CEE: New Optimism

A survey of energy industry executives shows a turnaround

News | Ulrike Gravert, Marko Grgas, Otto Musilek | July / August 2009

Despite last year’s cautious optimism about the prospects of the energy industry, the crisis has indeed shaken the trade, both in terms of financial performance and executives’ mindsets.

This is the conclusion of a survey conducted by GJP International, a search and management audit company specializing in the European energy industry. The study conducted interviews with 73 board-level executives and senior managers from the energy world who discussed the effect of the crisis at length with the interviewers.

The targeted companies earned revenues that ranged from €1 million to €80 billion per year, with the average falling between €1 billion and €10 billion. Forty-nine per cent of the companies were located in Western Europe, the rest in Central Eastern (CEE) and South Eastern Europe (SEE).

Eastern European executives seemed more optimistic than their Western counterparts. Fifty per cent of Western European managers expected their businesses’ results to continue their downhill slide through the remainder of 2009, compared with only 27 per cent of CEE executives and 23 per cent in SEE. The largest differences were found in expectations for 2010, as 95 per cent of Western business leaders envision their companies falling into a black hole until 2011, when the crisis is expected to ease. Executives are comparatively optimistic in CEE: only 58 per cent predict continued gloomy statistics through 2010. In SEE, 15 per cent predicted worse results, and a whopping 62 per cent expect a financial upswing. The general SEE consensus is that the results will bottom out by mid-2010.

Some SEE executives are looking at cash flows from privatization processes as a potential springboard for recovery. Others remain optimistic because of their belief that the media has exaggerated the crisis. And yet another justification of Eastern European optimism in face of the crisis is that less developed industrialization and incomplete privatization processes have left considerable leverage in governments’ hands, ameliorating the effects experienced by more free-market oriented economies. In general, the crisis seems to be "spreading in waves," as one respondent claimed, and there appears to be a certain delay of effects in Eastern Europe.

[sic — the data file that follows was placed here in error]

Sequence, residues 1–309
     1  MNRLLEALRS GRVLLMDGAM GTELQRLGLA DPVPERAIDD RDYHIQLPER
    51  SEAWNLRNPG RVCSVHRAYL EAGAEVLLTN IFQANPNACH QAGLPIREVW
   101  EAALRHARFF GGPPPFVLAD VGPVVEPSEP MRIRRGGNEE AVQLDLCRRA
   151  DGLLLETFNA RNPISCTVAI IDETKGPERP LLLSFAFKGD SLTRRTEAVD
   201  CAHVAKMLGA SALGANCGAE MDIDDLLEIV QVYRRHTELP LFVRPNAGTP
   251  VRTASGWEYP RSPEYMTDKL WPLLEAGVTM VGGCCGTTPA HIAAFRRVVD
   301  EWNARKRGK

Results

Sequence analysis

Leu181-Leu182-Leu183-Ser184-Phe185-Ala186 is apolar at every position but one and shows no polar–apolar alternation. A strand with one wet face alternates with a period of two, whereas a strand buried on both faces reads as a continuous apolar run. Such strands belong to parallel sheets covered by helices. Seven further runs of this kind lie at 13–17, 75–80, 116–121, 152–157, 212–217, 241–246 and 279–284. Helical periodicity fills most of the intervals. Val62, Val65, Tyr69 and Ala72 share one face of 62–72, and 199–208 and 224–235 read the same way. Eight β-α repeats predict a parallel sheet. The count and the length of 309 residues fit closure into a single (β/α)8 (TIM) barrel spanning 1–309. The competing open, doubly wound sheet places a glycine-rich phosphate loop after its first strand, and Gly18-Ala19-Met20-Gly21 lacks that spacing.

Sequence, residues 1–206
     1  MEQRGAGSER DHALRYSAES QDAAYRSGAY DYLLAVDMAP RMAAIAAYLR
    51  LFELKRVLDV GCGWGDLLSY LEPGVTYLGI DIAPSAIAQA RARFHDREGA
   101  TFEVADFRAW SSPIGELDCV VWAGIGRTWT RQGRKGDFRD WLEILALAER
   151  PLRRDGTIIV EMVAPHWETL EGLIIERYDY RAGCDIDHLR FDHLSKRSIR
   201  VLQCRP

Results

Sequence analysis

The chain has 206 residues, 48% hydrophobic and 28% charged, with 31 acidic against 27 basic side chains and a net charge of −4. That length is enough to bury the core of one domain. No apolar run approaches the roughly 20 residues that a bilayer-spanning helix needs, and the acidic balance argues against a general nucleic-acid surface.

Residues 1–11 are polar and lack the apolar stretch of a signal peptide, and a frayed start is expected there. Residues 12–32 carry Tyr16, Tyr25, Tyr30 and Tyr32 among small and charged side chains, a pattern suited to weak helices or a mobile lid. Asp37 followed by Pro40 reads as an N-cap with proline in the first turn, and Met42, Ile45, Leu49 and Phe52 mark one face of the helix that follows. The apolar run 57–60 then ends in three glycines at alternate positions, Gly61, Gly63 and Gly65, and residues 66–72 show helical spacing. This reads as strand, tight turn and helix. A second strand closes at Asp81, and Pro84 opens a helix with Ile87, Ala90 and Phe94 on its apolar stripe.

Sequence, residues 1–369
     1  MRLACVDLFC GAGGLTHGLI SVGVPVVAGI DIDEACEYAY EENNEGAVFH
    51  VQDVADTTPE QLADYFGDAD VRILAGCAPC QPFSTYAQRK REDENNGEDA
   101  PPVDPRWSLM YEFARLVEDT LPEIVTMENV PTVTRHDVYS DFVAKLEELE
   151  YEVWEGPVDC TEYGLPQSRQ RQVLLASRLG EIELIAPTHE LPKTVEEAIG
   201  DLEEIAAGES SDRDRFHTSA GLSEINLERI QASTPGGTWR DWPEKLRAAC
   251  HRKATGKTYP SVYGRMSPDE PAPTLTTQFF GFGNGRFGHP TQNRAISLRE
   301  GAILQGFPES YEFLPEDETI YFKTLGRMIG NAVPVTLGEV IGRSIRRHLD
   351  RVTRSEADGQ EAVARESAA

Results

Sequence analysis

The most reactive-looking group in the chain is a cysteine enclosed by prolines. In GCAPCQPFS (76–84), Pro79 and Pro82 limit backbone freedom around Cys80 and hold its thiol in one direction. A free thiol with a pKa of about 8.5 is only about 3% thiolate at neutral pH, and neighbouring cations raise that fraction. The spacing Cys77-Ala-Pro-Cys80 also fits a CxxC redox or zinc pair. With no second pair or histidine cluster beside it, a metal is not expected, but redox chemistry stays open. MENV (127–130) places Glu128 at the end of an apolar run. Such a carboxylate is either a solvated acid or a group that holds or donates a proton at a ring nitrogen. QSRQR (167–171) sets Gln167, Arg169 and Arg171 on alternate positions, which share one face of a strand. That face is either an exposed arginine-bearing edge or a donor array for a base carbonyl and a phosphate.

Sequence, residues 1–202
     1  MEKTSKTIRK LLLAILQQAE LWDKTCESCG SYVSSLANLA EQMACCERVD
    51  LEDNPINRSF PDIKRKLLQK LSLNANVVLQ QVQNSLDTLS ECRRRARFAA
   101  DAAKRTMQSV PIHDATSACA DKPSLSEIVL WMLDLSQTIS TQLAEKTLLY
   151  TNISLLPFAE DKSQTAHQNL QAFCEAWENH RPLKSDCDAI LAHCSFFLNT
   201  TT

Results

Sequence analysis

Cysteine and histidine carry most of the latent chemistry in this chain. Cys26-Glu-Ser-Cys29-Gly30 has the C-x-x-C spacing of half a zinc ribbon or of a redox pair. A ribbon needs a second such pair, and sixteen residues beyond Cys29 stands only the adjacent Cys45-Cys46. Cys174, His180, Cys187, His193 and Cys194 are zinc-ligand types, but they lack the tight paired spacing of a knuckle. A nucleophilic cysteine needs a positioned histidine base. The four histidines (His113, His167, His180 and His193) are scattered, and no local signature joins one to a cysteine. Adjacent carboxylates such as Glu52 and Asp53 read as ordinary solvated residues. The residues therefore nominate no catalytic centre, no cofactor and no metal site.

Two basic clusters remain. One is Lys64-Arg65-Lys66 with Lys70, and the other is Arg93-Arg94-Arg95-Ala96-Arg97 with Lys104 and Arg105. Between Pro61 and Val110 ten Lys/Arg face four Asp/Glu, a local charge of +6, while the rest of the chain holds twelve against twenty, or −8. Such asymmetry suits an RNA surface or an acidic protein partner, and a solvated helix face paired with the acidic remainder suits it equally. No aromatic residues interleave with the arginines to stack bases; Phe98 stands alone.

Europe’s energy intensive industry sector (e.g. pulp and paper, steel, etc.) has been strongly affected since the outset of the crisis in 2008. In addition to falling demand, wholesale attitude is also changing, especially with regards to renegotiations of contracts and pricing structures. Retail demand remains relatively stable, but is expected to decline in all European regions and across the value chain this year. Nonetheless, countries that are less industrialized – predominantly those in South Eastern Europe – seem to be less impacted according to the findings of the study.

Low profitability followed by consolidation in the mid-term?

Declines in profitability have given rise to consolidation speculation. Interviewees were polarized in regards to questions about consolidating possibilities in both East and Western Europe, with roughly 50 per cent arguing either way. Those expecting consolidation plans anticipate them to materialize in 2010, as executives consider attractive investments too expensive for the coming year. Currently, major investments are generally on pause – Western Europeans are re-evaluating their strategies and the Eastern Europeans are awaiting further developments, with a close watch on the actions of Western European companies. Certain respondents foresee a shift in the focus of future merger and acquisition trends from East to West; However, respondents hinted that takeover opportunities in Western Europe are becoming more attractive, reversing the trend that began in the mid-1990s.

When asked about key reasons for revising investment strategies, all CEOs gave precedence to risk attitude and access to loans. Eastern Europeans pointed out that politics also play a significant role, while rating agencies carry more weight with Western European companies.